For the first time since World War II, Aintree’s famous Grand National course will see no runners jump the iconic fences as the 2020 race has been cancelled due to the coronavirus pandemic.
Tiger Roll’s bid to try and emulate the great Red Rum and capture his third National will have to wait until 2021.
Owner Breeder photographer George Selwyn first covered the race on Merseyside in 1974 and he has delved into his archive to select seven of his favourite Grand National pictures from the past 45 years.
1974 – ‘Red Rum’s back-to-back success’
Selwyn’s first year of covering the Grand National tied in with Red Rum’s bid to become the first horse since Reynoldstown in 1935 and 1936 to win back-to-back editions of the famous race.
His 1973 success came at the expense of joint top-weight Crisp under Richard Pitman, who looked certainties jumping the final fence – they were 15 lengths clear according to Peter O’Sullevan’s commentary – but tired badly approaching the elbow and were overhauled in the shadows of the post.
Red Rum’s task in 1974 was to defy the top weight of 12 stone he had been allotted by the handicapper.
In what proved to be a dominant display, the extra weight was no burden for Red Rum, and he beat L’Escargot by an impressive seven lengths to secure his place in the record books for trainer Ginger McCain, jockey Brian Fletcher and owner Noel Le Mare.
1975 – ‘Red Rum’s hat-trick bid’
All eyes were on Red Rum in 1975 as he searched for an unprecedented third National triumph. There was so much interest in the story that he even graced the front cover of that week’s Radio Times.
Two days before the Grand National, Selwyn ventured over to Southport, where he snapped Red Rum exercising on the beach.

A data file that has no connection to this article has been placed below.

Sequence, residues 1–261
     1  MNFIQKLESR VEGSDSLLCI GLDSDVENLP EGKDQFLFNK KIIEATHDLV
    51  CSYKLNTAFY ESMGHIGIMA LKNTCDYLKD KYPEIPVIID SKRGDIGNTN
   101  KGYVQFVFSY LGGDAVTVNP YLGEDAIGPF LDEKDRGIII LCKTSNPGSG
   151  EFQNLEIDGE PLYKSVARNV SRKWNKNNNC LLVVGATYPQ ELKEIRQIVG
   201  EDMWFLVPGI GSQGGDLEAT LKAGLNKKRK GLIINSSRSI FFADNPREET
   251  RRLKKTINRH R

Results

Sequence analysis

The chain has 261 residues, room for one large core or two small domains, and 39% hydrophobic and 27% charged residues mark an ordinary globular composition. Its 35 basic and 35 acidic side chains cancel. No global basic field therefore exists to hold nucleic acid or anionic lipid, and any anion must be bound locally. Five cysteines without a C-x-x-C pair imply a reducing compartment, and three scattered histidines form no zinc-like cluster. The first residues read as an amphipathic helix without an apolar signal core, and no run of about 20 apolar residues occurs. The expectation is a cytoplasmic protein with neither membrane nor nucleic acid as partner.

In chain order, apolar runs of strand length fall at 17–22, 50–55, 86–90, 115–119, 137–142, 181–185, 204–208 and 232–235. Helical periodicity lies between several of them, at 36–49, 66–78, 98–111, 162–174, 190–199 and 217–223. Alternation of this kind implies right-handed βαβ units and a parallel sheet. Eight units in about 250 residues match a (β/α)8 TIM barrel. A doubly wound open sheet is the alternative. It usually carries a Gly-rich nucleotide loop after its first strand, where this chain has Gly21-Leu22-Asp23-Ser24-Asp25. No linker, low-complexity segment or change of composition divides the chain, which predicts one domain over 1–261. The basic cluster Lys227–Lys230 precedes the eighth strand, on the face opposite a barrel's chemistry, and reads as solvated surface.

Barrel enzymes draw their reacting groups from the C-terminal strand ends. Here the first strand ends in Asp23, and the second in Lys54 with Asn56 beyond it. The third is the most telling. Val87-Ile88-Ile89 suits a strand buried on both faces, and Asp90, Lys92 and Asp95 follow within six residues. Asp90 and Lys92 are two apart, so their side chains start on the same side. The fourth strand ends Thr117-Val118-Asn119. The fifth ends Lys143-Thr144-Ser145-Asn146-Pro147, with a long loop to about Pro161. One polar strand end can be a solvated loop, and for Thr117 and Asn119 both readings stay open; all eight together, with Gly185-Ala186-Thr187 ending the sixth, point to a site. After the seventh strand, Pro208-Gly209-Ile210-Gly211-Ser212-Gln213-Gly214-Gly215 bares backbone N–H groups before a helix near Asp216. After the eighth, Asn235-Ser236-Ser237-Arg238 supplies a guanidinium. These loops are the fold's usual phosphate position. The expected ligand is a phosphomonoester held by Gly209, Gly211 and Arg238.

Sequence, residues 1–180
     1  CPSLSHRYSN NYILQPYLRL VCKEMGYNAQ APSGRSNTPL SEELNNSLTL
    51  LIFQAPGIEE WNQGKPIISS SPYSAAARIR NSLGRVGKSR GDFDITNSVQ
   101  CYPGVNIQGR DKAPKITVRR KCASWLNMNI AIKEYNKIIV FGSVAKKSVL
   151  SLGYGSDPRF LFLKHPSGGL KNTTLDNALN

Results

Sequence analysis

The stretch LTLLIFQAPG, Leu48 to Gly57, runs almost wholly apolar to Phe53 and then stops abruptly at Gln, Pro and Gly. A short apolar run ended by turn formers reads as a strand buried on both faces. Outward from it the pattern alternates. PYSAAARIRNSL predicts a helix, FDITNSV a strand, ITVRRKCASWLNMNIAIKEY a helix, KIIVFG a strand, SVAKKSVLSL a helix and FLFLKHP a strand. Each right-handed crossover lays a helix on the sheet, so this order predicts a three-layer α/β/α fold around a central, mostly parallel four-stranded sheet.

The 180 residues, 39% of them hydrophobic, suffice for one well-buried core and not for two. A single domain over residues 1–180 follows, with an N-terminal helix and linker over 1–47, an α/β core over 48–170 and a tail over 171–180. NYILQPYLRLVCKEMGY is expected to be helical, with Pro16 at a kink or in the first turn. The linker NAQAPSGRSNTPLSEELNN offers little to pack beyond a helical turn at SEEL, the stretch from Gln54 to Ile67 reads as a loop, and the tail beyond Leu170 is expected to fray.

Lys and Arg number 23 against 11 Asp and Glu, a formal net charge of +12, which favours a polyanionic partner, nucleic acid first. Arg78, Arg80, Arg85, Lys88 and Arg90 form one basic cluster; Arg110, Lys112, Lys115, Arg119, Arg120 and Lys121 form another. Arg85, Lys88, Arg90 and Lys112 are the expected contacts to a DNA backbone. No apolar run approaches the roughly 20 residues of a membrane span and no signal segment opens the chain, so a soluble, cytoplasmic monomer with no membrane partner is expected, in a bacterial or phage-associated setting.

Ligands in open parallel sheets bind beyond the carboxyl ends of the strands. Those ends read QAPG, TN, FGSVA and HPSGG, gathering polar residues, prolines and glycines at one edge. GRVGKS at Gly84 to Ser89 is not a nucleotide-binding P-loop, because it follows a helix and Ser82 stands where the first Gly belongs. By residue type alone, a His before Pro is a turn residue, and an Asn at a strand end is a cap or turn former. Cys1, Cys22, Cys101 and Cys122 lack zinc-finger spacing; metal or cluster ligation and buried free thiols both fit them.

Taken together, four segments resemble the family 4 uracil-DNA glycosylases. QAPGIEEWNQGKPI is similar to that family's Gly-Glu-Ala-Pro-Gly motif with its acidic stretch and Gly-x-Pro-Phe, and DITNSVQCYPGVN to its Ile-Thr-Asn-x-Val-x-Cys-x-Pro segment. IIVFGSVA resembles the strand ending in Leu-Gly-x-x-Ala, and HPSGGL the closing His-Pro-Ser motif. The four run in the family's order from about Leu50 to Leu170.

There wasn’t to be a third straight success for Red Rum and McCain in 1975, as the soft ground went against them. Giving away 11lb to old foe L’Escargot, winner of the Cheltenham Gold Cup in 1970 and 1971, Red Rum finished second behind his Tommy Carberry-ridden rival, beaten 15 lengths.
Red Rum finished second again in 1976 behind Rag Trade and landed the hat-trick in 1977 aged 12 under Tommy Stack.
1983 – ‘Jenny Pitman’s historic success’
Up until 1983, no woman had ever trained the winner of the Grand National. That was until Jenny Pitman came along with Corbiere and sealed a memorable success at Aintree.
Named after the Jersey lighthouse by his owners the Burrough family, Corbiere warmed up for his tilt at the Grand National with a second-placed effort at the Cheltenham Festival in the National Hunt Handicap Chase.
Partnered by Ben de Haan, it was Corbiere and Hallo Dandy, who would go on to win the race in 1984, that vied for the lead. At Valentine’s, Corbiere saw off his challenge and kept the fast-finishing Greasepaint at bay to triumph by three-quarters of a length.
2001 – ‘Red Marauder lands war of attrition’
Persistent rain had left the ground at Aintree barely raceable in 2001 but the Grand National still went ahead. Many of the 40 runners departed early on, with the fallers then running loose across the course.
By the time the field reached the Canal Turn, the riderless Paddy’s Return interfered with eight runners by veering straight across them in scenes reminiscent of 1967, when Foinavon avoided the pile-up at the 23rd fence.